Posts Tagged ‘PH10’

An Insider’s View of Pierre Hermé’s PH10

April 8, 2008

I’ve noticed over the last while that people have been querying about Pierre Hermé’s PH10. For this post, I’ve decided to write a brief review of this book for those people who are not fortunate enough to own it.

I picked up my copy of PH10 at Kitchen Arts & Letters in New York City several years ago and carted this very heavy (and very expensive!) book back to Asia. PH10 is an advanced level pastry book featuring a compilation of Pierre Hermé’s professional creations over the last ten years. Most of the recipes contained in the book are unique and were created for his Pierre Hermé branded pastry shops in Japan and France while a few of the recipes were featured in his older La Pâtisserie de Pierre Hermé book.

The cover of the book is interesting in that it is actually a blown up picture of the top of one of Pierre Hermé’s cake creations. The cake on the cover is called “Chuao”. Chuao is an ultra high-end chocolate from Italian chocolate manufacturer Amedei that is featured as the main component for this cake. What you see on the book cover is the chocolate glazed cake with two pieces of curved tempered chocolate standing parallel and upright on the glaze.

The introduction section of the book begins with a very brief paragraph from Pierre Hermé followed by short passages by noted personalities in the food industry. Personalities like Ferran Adria (Molecular Gastronomy pioneer and guru), Gaston Lenotre (French pastry legend), and Frédérick e. Grasser-Hermé (his ex-wife) are contributors to the introduction section.

The book is broken up into ten sections: 1. Entrements and Tarts, 2. Chocolates, 3. Transportable cakes and Breads, 4. Ice Creams and Sorbets, 5. Small Cakes and Individual Tarts, 6. Macarons and Petit Fours, 7. Confectionary (Pâte de Fruits), 8. Plated Desserts, 9. Base Recipes, 10. Annexes

This is a book written entirely in French as opposed to the bilingual version offered in La Pâtisserie de Pierre Hermé. As far as I can tell, I do not believe the French publisher Agnès Viénot Éditions will be producing an English version of this book anytime soon (if ever).

All the featured recipes are written with the professional chef in mind. The ingredients used are all extremely high end and many of the items cannot be found outside of professional circles. If you have the proper skills and knowledge, you should be able to make substitutions for those hard to find ingredients and come up with satisfactory results. Many of the pastry techniques in the recipes are sparsely described and it is assumed that the reader has much of the fundamental pastry making skills to decipher the instructions.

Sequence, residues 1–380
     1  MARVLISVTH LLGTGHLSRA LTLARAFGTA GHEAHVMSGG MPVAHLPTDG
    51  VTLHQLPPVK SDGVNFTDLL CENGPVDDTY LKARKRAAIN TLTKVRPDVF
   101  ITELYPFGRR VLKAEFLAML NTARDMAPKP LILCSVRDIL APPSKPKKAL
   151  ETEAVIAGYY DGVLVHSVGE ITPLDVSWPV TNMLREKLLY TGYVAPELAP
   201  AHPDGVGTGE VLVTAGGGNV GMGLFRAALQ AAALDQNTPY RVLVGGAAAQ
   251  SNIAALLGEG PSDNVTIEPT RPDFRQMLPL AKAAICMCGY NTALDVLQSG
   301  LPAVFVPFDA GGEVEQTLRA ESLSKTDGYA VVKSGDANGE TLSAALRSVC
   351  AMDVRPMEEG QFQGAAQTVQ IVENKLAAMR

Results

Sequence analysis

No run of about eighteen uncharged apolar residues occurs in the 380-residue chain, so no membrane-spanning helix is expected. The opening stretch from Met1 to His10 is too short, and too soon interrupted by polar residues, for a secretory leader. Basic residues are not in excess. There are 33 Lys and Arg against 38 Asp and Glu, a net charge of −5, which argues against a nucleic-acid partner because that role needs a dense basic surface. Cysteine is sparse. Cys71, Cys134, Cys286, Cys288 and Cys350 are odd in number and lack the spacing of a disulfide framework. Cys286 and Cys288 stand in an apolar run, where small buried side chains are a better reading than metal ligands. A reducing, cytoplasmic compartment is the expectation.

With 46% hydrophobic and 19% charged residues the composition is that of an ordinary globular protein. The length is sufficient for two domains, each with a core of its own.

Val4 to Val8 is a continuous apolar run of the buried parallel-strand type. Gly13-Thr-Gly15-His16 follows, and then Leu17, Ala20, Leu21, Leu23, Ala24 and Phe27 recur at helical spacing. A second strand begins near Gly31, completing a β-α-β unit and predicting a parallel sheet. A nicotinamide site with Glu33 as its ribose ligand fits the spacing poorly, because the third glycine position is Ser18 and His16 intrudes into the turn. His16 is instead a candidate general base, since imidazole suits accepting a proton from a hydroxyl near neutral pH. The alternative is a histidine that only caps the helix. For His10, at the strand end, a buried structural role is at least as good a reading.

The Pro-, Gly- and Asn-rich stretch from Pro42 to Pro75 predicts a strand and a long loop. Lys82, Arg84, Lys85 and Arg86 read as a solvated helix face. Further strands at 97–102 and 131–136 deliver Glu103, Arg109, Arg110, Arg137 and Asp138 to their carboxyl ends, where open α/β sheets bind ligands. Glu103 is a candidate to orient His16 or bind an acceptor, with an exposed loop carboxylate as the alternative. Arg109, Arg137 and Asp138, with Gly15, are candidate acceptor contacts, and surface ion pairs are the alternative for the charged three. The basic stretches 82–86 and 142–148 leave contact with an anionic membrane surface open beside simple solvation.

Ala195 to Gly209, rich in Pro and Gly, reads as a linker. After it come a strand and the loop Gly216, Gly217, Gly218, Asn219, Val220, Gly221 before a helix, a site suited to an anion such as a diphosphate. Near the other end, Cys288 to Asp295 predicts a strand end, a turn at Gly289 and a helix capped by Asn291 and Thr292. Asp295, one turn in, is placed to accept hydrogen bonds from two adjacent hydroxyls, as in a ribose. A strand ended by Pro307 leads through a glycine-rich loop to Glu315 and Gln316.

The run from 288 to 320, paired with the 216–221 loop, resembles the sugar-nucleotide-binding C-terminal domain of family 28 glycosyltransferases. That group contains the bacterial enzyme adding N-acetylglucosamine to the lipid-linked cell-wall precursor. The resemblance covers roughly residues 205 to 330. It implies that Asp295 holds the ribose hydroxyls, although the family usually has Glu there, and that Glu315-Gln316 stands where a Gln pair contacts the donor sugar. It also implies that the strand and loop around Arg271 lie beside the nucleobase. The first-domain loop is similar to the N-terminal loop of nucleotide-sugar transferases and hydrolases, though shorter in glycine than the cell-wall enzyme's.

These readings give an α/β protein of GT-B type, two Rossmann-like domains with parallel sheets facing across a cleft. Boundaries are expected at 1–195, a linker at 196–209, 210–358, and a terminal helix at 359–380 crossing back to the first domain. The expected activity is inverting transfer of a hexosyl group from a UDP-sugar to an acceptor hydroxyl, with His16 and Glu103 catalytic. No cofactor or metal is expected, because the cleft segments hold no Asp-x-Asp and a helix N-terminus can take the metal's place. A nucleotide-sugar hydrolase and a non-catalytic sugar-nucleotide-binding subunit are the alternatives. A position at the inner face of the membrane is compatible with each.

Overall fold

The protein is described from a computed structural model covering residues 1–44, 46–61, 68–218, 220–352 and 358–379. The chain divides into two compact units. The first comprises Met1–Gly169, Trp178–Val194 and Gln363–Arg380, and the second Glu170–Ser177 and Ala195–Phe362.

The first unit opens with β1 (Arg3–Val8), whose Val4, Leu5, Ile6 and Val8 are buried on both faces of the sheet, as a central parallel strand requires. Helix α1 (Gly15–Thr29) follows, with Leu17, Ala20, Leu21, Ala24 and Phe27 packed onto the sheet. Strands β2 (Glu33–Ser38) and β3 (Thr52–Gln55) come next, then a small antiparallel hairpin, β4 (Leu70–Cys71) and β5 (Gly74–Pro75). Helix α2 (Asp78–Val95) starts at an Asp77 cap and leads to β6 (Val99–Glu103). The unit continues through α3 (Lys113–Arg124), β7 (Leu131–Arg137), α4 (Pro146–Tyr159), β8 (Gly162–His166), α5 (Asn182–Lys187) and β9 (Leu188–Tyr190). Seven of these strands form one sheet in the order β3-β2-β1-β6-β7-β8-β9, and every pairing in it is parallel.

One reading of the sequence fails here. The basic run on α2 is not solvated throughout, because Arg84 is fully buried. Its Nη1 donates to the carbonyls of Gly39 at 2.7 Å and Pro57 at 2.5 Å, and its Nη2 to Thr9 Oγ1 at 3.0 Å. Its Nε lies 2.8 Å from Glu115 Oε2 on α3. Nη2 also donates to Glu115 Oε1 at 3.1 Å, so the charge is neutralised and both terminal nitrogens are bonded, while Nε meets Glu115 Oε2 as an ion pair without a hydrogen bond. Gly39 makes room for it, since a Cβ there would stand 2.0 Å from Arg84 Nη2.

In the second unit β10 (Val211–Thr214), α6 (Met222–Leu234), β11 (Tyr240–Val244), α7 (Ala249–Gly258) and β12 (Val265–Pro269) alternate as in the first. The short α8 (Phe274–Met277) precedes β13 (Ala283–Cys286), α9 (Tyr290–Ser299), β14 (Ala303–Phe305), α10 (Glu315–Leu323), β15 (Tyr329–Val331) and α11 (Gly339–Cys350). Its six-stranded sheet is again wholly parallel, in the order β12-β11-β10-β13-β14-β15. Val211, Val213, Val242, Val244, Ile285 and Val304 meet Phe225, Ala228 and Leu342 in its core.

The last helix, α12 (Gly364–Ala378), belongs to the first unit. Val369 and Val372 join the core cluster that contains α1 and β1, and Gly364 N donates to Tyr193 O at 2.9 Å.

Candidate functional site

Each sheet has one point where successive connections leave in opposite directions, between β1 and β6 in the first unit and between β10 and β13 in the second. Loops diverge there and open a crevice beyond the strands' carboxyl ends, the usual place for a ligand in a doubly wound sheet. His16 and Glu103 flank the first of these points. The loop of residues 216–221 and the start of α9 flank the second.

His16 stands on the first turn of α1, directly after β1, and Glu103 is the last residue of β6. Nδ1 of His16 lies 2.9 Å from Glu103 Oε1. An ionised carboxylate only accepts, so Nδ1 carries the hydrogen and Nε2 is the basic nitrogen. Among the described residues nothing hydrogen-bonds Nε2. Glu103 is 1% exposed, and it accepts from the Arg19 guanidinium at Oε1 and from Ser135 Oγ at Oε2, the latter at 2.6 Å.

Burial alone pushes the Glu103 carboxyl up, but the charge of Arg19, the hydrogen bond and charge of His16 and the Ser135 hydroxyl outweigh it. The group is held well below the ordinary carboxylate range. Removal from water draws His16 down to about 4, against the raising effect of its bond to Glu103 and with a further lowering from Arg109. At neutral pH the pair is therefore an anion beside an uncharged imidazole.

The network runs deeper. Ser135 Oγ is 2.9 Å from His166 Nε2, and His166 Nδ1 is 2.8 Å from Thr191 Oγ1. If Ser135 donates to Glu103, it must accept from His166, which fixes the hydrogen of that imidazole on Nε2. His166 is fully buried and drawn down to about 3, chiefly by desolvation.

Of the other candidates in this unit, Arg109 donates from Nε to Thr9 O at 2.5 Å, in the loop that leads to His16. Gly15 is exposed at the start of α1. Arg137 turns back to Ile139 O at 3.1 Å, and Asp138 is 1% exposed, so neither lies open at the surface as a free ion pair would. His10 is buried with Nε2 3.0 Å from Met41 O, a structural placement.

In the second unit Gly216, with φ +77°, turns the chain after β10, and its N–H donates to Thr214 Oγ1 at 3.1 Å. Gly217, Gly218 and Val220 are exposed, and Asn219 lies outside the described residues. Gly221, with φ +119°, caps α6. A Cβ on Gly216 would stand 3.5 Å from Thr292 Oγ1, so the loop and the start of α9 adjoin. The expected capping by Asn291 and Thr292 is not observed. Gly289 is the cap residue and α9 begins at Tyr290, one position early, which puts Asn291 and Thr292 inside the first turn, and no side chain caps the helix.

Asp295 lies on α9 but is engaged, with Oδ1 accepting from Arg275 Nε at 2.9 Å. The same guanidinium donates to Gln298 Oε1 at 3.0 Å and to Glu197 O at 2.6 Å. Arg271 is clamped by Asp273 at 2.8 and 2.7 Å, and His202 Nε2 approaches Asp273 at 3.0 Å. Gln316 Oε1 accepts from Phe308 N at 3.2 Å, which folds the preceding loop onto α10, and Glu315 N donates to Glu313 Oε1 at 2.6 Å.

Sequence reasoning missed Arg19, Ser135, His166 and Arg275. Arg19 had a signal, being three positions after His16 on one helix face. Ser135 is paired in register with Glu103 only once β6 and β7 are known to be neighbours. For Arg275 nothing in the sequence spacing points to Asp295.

Like any successful company that has a strong product marketing sense, Pierre Hermé has taken his unique creations and has offered his recipes in many different forms and textures. For example, the highly acclaimed Ispahan creation is offered as an entremet, a galette, a cake, an ice cream, a petit four, and a plated dessert. As such, many of the components in the recipes are in some way repeated throughout the book with necessary changes to reflect the different forms of each version.

The photographs in the book are beautifully rendered but PH10 does not have a photo for every recipe (about 300 in total). However, there are enough photographs in the book (about 200 photos) to satisfy those who would like to admire most of Pierre Hermé’s creations.

As mentioned earlier, this book is catered to the professional pastry chef but the question on most people’s mind is whether this book will suit home bakers or non-professional pastry cooks. I think the biggest deterrent for most people would be the fact that this book is written in French only. Unless you want to spend roughly USD$270 to acquire PH10 just to look at the pictures, then I would recommend you purchase La Pâtisserie de Pierre Hermé since this book is written in English (although parts of the book is poorly translated) and it provides more foundational pastry making instructions. The Pierre Hermé series written by Dorie Greenspan (Desserts & Chocolate Desserts) is highly recommended for home bakers and beginners since it was written with the idea of French pastry making using common household ingredients typically found in local supermarkets. For the professional, PH10 is highly recommended along with the older and very innovative La Pâtisserie de Pierre Hermé and Plasirs Sucrés.

In the meantime, enjoy the photos of Pierre Hermé’s creations from PH10!

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